Tuesday, February 07, 2006

I’m still jamming on Sundays at the Sox house, where I’ve been bashing away for at least 15 years now. The jam room is the same as ever, a wall-to-wall, floor-to-ceiling tangle of patch cables, pedal boards, mike stands and cobwebs presided over by brittle posters of Geddy, Ozzy and Lemmy. Only the refreshments have changed. The days of homebrew and homegrown are over. Instead we’re downing Chai and bottled water and fresh fruit and cheese strings, all supplied by mother Sox, whom I’m sure is delighted by the straight-edge Sunday philosophy. We’re like friggin’ Aerosmith these days. Last time I was over, we had the Monk/Coltrane live album playing on the stereo as we passed the teapot around, and I heard Scum mutter, “God, what a bunch of nellies.”

We still play bloody loud, though, and, in the grand Sox tradition, we record everything. Getting a good room mix onto tape (or hard drive) wasn’t so difficult when we were a trio-plus-vocalist, but now that twin guitars have become such a big part of our “sound,” the huge swirl of frequencies has really muddied the recordings. I think turning down would help, but the guys love their Marshall stacks too much to do that. We’ve been using noise gates on the drum mikes to stop the guitars bleeding through. They definitely help, but I really dislike the resulting sound. Not only is every drum hit clipped a tiny bit, but the elements of the kit that don’t pack a huge wallop—like the high hat and ride cymbal—end up not triggering the gates and are inaudible on the recordings. Forget about playing grace notes or cross-sticking on the snare…it simply won’t register. Kick, snare, toms—boom-boom-tap—are about all that makes it through the gates.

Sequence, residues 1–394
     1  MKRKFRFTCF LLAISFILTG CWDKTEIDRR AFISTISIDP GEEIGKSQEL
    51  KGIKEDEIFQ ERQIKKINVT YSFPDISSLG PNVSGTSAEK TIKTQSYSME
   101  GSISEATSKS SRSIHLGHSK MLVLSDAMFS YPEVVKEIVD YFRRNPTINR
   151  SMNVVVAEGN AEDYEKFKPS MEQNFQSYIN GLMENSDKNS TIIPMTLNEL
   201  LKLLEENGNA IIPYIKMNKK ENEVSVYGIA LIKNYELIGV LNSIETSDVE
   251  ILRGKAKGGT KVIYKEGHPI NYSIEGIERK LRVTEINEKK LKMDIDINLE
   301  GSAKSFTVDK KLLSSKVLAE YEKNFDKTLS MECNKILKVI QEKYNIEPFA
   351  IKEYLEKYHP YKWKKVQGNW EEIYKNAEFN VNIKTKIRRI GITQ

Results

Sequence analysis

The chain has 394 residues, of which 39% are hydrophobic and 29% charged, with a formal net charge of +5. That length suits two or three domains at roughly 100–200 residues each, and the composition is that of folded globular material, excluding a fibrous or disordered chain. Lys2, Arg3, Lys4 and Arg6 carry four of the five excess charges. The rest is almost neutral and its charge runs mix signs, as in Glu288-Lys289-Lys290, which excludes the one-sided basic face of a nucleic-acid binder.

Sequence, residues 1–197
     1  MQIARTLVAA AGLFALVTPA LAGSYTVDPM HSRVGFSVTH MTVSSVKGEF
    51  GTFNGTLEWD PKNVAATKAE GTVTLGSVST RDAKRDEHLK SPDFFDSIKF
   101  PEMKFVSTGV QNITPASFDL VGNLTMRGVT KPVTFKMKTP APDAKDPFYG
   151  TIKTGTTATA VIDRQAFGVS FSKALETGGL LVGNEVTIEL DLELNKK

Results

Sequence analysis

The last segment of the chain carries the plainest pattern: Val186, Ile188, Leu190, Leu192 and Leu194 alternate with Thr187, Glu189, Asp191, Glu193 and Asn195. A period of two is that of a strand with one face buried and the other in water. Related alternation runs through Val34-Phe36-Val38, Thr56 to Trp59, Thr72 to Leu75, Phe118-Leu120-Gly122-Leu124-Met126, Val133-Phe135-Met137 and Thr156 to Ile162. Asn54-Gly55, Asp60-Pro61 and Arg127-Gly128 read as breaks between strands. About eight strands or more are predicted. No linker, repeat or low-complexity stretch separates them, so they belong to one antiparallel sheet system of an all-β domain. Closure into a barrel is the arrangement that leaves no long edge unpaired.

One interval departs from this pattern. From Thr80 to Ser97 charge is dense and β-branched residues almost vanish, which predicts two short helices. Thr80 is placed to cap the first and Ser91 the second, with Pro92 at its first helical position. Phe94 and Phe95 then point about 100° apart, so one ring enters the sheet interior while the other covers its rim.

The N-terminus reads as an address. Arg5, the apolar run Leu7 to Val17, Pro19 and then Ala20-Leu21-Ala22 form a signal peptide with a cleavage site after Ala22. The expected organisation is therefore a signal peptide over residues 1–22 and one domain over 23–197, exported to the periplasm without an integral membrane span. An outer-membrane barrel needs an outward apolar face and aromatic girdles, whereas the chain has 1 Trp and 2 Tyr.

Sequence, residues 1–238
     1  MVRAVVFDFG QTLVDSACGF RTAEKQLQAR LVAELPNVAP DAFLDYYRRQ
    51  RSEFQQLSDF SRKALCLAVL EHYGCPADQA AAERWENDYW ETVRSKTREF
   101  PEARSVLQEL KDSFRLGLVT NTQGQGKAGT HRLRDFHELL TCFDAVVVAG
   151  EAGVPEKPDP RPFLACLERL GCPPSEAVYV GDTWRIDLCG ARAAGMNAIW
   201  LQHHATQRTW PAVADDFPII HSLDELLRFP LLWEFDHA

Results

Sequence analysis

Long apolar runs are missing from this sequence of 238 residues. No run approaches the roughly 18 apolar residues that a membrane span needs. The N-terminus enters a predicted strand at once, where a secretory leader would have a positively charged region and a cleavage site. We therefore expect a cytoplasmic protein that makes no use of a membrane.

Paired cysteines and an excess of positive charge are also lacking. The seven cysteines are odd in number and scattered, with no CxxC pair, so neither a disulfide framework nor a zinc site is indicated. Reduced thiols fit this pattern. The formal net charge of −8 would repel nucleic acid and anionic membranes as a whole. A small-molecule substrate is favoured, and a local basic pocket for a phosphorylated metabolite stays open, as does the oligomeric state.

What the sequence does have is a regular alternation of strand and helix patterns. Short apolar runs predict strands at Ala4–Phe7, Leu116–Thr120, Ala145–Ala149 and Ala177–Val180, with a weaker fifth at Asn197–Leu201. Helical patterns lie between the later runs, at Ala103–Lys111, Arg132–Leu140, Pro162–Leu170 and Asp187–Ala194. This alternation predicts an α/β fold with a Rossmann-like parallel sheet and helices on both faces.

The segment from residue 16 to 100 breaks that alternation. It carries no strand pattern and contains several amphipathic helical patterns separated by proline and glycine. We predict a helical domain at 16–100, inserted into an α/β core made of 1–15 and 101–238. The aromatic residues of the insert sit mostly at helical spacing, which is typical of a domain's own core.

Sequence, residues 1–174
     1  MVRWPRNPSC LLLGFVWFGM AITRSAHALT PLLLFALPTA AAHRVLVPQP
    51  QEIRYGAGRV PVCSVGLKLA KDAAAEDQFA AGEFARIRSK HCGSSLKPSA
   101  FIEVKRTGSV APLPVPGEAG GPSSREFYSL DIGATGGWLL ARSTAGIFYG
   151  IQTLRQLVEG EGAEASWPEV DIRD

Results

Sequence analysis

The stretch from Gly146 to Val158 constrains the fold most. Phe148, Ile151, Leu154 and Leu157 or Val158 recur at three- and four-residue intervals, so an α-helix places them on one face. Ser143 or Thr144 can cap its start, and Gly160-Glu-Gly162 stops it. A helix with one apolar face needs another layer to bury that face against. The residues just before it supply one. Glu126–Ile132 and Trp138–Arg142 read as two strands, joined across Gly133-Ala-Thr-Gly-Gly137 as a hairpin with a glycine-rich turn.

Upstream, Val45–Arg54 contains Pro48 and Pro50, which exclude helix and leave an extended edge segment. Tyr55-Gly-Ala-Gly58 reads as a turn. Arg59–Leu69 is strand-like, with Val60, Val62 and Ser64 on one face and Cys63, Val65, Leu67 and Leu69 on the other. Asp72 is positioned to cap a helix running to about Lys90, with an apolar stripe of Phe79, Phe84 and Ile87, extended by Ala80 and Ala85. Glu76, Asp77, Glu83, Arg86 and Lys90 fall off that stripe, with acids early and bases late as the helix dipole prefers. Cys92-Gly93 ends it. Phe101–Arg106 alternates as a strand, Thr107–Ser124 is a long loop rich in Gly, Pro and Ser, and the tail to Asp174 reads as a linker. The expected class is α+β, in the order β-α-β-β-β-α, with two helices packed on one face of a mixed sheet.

So I worry, I complain, I bear with it. It’s not my room, it’s not my equipment, and I’m just the guy who gets to hang around with musicians…you know the joke. But as of last week, I feel better about the situation. Each issue of Decibel magazine features a lengthy piece about a “Hall of Fame” album, an extensive revisitation of some classic record that rounds up fresh interviews with band members talking about the good old days and how they really had no idea they were making a classic at the time, etc.

The Decibel folks have displayed good taste in their picks thus far, and I’m all over each issue like white on rice. In the latest issue, they consecrate Cathedral’s Forest of Equilibrium, a fantastically miserable album made by, it turns out, fantastically miserable young men. And what did Mike Smail, an American drummer who went to England to play on Cathedral’s legendary debut album, think of the end result?

“Well, I was kinda disappointed that there were absolutely no cymbals on that recording…”

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